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French DPA latest to rule Google Analytics violates GDPR, Google pledges a response

by Ben Magnuson February 11, 2022

On February 10th, France’s Data Protection Authority (the the Commission nationale de l’informatique et des libertés or CNIL) became the latest European Union country to rule the use of Google Analytics on websites serving its citizens violated GDPR.

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The website in question was given 30 days to either remove Google Analytics or find an alternative option.

The issue

When someone visits a website with Google Analytics enabled, Google’s script sends that data to its servers for processing, likely in the United States. This would be a data transfer to a “Third Country” under GDPR. Due to United States surveillance law, and after the striking down of a previous data sharing agreement between the EU and US (“Privacy Shield”) this past summer, data transfers require additional strict security that these rulings state Google is not meeting.

This is not about consent; these are protections given to the storage of this data after consent.

There may be little Google can do, and this may be the start of a broader crackdown on any American-based cloud services.

What makes Google services particularly vulnerable here is that their email and cloud services classify them as a Communications Provider under section 702 of the Foreign Intelligence Surveillance Act (FISA), which allows broad surveillance authority on Non-US resident data (i.e. EU citizens not protected).

This has been the key provision that Max Schrems, the founder of the privacy group None of Your Business (NYOB), has latched onto in his actions leading to “Schrems II.”

And his sights have been set on more than GA. He recently criticized commitments Microsoft made about its cloud services, Azure, and how they would maintain privacy controls for EU customers.

“To my understanding, there would still be direct access to data and keys from the US in this new Microsoft setup. This means that any data still falls under the FISA law and is, therefore, to be given to US authorities when requested. This is window dressing when it comes to National Security Agency [NSA] surveillance,” he told The Register.

The Data Protection Authorities (DPAs) have been siding with Schrems, whose challenges have made two previous US-EU data sharing agreements invalid, and upcoming rulings are expected on broader use of American cloud services companies, which include Amazon, Microsoft and Google.

Even if Google adjusts its setup so that EU data never physically leaves the EU, it seems likely that it will still be viewed as in violation, as Google’s status under section 702 would allow the US to request access to that data—according to the EU interpretation of the statute.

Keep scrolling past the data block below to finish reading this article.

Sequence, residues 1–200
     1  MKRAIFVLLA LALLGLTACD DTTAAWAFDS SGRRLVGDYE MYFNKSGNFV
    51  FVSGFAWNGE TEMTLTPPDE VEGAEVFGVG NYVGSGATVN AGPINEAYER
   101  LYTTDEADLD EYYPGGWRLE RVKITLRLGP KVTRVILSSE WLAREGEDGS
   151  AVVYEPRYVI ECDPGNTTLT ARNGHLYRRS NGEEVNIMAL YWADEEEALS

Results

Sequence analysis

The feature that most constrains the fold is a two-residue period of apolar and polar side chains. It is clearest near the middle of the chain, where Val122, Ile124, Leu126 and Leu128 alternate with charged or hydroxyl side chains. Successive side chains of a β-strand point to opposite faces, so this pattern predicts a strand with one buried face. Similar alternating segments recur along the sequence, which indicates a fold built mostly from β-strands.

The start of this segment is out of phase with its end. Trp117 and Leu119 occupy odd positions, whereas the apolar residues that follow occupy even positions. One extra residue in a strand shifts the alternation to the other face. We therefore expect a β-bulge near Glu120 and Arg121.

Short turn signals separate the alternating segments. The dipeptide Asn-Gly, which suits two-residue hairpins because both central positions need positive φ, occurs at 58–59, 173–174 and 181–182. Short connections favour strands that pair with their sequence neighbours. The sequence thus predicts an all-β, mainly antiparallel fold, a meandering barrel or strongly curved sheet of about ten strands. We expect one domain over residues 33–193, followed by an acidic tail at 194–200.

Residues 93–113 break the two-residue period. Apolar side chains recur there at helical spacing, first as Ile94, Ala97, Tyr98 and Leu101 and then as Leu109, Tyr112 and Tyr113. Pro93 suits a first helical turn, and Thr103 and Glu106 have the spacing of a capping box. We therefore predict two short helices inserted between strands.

So if a website removes Google Analytics and instead sends analytics data that includes IP addresses to a AWS/Azure/GCP cloud server localized in EU, would that be compliant?

We may soon find out.

Google responds to Austria ruling

For now, Google is going to try to make Google Analytics compliant. They released a statement that they would be coming out with more information on how it can protect EU data in the coming weeks.

It is a difficult situation for these companies who provide these services and the many companies who rely on them.

The real solution rests on legislative action within the US (EU has found executive orders on this front insufficient) or a new data sharing agreement. Timelines for this are difficult to predict.

Note: if you are a US-based company storing customer information on self-hosted servers, this article outlines that you would not be affected by these interpretations of section 702 of FISA.

For now, companies concerned about legal action against them in the EU may consider turning off analytics on those users in the short-term, or converting to a Cookieless version of GA.

Note: we are not lawyers, and this post should not be taken as legal advice.

Ben Magnuson
Associate Director, Data Strategy

As Associate Director, Data Strategy at One North, Ben supports clients by applying a strong data focus to marketing initiatives across channels and tools. He starts by gaining an understanding of each client’s unique goals and tactics, and guides them toward a strategic analytics program. He focuses on the creation of a meaningful feedback loop to help support and steer decision-making.